*Courtesy of Moscow-Pullman Daily News
Tell me a little about yourself. I’m an acoustic fingerstyle Blues and Ragtime Guitarist / Singer. I’m also a Recording Producer.
How and when did you get involved in music? I am fortunate to have had professional musicians in my family. I got my first guitar when I was 8 years old, given to me by an uncle who toured with the Lawrence Welk Orchestra. And my parents were lifelong music enthusiasts. They exposed me to music from an early age, taking me to concerts, the symphony, and always playing music around the house. When I was 10 years old I saw Louis Armstrong perform and The Beatles, both in Portland.
How has your music grown and changed over time? How would you describe your sound? I learned to play guitar by listening to blues musicians, such as Charlie Patton and Mississippi John Hurt, so my sound is rooted in tradition but also contemporary and personal. I’ve developed a fingerpicking style that sounds like a full band played on solo guitar, in which I play the bass line, rhythm chords, and single-note leads simultaneously. Through my collaborations with John Fahey, my music has been associated with the American Primitive Guitar style, which draws upon diverse musical influences while rooted in the blues. I like to incorporate influences from other genres too, such as jazz, classical and world music, often utilizing odd time measures, to personalize my music. And I continue to learn and listen to music, always pushing myself forward.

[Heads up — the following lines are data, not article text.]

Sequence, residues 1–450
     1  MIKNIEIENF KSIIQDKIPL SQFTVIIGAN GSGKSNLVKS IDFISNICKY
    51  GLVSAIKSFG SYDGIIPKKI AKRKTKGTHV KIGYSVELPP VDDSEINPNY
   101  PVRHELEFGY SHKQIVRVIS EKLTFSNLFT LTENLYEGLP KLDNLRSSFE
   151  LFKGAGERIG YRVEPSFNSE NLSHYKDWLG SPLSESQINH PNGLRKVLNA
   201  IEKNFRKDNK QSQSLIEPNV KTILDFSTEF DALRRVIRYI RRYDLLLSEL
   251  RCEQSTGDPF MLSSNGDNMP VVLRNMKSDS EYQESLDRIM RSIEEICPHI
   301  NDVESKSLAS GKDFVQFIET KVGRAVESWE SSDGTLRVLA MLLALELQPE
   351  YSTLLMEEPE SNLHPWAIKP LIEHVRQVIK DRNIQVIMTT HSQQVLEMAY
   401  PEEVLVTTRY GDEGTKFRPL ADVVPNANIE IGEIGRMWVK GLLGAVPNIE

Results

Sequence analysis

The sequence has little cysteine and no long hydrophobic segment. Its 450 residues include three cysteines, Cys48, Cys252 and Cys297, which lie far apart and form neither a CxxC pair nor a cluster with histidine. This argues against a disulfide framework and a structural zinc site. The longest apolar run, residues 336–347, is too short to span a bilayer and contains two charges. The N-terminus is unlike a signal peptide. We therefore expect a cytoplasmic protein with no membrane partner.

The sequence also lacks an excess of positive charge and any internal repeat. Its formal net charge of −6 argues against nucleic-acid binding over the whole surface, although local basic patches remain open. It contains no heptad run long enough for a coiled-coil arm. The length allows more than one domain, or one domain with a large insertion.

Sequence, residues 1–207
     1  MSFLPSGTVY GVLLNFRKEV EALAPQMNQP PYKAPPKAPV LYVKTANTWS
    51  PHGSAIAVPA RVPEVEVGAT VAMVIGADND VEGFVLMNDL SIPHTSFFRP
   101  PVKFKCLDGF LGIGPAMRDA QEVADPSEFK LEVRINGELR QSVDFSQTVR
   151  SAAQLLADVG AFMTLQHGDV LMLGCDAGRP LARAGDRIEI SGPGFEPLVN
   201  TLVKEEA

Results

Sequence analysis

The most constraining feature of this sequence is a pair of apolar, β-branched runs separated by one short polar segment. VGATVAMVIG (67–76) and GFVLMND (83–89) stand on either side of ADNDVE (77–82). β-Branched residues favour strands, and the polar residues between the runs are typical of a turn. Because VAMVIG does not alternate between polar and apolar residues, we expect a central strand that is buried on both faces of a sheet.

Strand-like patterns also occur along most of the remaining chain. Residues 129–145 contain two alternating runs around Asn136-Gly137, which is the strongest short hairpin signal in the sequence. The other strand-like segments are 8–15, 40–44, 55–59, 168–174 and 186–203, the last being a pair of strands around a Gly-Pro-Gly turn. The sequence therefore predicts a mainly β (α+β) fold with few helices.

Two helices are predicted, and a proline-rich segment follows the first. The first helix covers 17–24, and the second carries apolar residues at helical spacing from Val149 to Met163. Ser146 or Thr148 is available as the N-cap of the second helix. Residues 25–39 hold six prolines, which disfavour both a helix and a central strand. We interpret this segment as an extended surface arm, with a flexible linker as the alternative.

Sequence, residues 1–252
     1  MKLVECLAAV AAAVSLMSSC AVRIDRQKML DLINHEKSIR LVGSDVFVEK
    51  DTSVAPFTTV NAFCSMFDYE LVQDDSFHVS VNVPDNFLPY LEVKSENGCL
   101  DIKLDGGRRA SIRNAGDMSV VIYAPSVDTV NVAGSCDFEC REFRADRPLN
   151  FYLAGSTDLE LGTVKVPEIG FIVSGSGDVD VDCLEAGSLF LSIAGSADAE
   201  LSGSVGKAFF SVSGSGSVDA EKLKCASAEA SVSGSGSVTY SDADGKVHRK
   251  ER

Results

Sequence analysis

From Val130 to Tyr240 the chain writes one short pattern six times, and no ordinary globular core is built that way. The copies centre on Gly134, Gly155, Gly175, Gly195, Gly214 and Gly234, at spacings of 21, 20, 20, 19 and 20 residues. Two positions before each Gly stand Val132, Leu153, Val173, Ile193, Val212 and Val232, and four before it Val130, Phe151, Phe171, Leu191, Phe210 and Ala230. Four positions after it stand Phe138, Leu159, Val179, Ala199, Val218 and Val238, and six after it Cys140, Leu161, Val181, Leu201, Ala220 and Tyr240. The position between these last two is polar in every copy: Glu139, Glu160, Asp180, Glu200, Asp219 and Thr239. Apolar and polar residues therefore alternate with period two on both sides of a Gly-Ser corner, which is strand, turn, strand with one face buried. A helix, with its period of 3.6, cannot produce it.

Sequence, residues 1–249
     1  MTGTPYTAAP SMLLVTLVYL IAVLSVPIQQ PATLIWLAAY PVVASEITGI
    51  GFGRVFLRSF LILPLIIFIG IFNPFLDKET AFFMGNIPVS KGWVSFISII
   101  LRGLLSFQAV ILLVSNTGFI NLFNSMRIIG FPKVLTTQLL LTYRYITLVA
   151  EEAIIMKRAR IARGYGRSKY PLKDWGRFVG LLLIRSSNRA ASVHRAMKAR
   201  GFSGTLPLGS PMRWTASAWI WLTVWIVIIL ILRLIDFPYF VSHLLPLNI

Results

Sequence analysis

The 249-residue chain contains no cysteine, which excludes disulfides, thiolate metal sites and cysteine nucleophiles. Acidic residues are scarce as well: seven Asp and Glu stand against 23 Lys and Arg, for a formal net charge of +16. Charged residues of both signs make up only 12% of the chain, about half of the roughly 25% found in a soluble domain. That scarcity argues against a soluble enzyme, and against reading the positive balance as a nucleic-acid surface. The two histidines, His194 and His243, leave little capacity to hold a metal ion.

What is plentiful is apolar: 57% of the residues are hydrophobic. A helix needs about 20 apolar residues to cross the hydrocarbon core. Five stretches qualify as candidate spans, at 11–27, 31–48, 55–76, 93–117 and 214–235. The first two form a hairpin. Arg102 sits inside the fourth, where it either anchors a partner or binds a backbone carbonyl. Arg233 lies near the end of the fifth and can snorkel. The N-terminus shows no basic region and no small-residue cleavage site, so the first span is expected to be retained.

What does music mean to you? Why is it important? Music is a form of self-expression, an artform, and is often referred to as the universal language. It’s one of the oldest forms of storytelling. It’s a gift.
Tell me about your personal progression as a band. How was the band formed? I’ve had bands over the years, and I have a trio that performs in Portland, but most of my work at this time is focused on my career as a solo artist.
What have you been listening to lately? Oscar Peterson and Hank Snow.
What's your favorite part of performing/touring? Performing for new audiences.
What's the hardest part of performing/touring? Travelling; there’s always a schedule and a lot of distance to cover. You get used to it.
What can patrons expect from your music/shows? Intensity. I’ll be playing solo acoustic fingerstyle guitar, but it won’t be mellow. I put a lot of energy into my performances.
Tell me about your latest work. What are you working on now? I released a mostly instrumental album called Cool On The Bloom in 2016, which I recorded for the Portland-based label NiaSounds. I’m recording its follow-up album right now, which should be out later this.
To learn more about Terry Robb visit his page at: https://www.terryrobb.com/home